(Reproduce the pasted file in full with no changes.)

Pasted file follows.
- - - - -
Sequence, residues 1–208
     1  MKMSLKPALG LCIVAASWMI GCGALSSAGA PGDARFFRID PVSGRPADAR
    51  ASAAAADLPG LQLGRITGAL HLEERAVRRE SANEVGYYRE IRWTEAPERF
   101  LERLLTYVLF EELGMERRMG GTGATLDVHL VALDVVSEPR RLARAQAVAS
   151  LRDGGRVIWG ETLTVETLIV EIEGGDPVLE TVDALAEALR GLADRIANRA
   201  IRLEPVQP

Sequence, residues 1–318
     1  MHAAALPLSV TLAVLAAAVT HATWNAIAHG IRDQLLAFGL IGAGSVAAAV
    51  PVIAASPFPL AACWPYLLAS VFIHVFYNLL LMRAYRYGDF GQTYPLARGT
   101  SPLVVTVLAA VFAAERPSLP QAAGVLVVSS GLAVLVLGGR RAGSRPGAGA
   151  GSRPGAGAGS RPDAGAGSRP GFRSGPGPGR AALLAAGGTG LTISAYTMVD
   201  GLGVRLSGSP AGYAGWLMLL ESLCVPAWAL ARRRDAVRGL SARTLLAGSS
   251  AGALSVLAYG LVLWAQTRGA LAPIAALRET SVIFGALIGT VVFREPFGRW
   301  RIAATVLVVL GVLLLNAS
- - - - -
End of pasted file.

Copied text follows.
Sequence, residues 1–208
     1  MKMSLKPALG LCIVAASWMI GCGALSSAGA PGDARFFRID PVSGRPADAR
    51  ASAAAADLPG LQLGRITGAL HLEERAVRRE SANEVGYYRE IRWTEAPERF
   101  LERLLTYVLF EELGMERRMG GTGATLDVHL VALDVVSEPR RLARAQAVAS
   151  LRDGGRVIWG ETLTVETLIV EIEGGDPVLE TVDALAEALR GLADRIANRA
   201  IRLEPVQP

Sequence, residues 1–318
     1  MHAAALPLSV TLAVLAAAVT HATWNAIAHG IRDQLLAFGL IGAGSVAAAV
    51  PVIAASPFPL AACWPYLLAS VFIHVFYNLL LMRAYRYGDF GQTYPLARGT
   101  SPLVVTVLAA VFAAERPSLP QAAGVLVVSS GLAVLVLGGR RAGSRPGAGA
   151  GSRPGAGAGS RPDAGAGSRP GFRSGPGPGR AALLAAGGTG LTISAYTMVD
   201  GLGVRLSGSP AGYAGWLMLL ESLCVPAWAL ARRRDAVRGL SARTLLAGSS
   251  AGALSVLAYG LVLWAQTRGA LAPIAALRET SVIFGALIGT VVFREPFGRW
   301  RIAATVLVVL GVLLLNAS